Busting the Myth of Absolute Safety; should we wait until we have “absolutely safe” driverless cars to introduce them?
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How safe does a driverless car need to be?
It is suggested that driverless cars will need to be driven for 11 billion miles to prove that they are safer than human-driven vehicles.
That’s 20,000 times to the moon and back! While this may in itself seem to be impractical, imagine being asked to do it for each application – be it deploying in central London or rural Warwick! But the benefits of driverless cars are immense.
So should we wait until the time we have “absolutely safe” driverless cars to introduce them? Can anything ever be absolutely safe?
About the speaker
Dr Siddartha Khastgir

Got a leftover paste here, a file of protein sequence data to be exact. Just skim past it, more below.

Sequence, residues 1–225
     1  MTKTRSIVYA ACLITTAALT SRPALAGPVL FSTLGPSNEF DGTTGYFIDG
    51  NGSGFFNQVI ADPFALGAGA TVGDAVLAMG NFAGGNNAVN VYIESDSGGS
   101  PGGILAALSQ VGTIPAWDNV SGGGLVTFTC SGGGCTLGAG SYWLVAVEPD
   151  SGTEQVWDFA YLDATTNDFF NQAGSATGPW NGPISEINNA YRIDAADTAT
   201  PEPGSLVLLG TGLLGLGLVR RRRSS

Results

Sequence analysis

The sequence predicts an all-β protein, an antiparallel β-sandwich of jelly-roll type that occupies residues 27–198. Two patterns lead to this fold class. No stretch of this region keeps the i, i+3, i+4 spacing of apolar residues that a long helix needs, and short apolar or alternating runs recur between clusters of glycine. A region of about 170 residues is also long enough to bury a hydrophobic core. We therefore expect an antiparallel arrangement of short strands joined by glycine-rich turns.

Dr Siddartha Khastgir is the Head of Verification & Validation of Computer-Aided Verification (CAV) at Warwick Manufacturing Group (WMG), University of Warwick, UK, leading various Collaborative R&D projects with industrial & academic partners. His research areas in the CAV domain include test scenarios generation, safety, simulation-based testing, Safe AI among many others. Prior to WMG, Siddartha was with FEV GmbH (Aachen, Germany) leading software development and testing for series production automotive control software projects. Currently, he represents the UK on various ISO Technical Committees and is the lead author for new ISO standards for Low-Speed Automated Driving (LSAD) systems (ISO 22737) and Taxonomy for ODD (ISO 34503). He is also the project leader for the ASAM standardisation project – OpenODD. He is also a member of SAE ORAD committees.
He has received numerous national and international awards for his research contributions, including the prestigious UKRI Future Leaders Fellowship, a seven-year Fellowship focused on safety evaluation of CAVs and is a Forbes 30 Under 30 Europe 2018 list maker.
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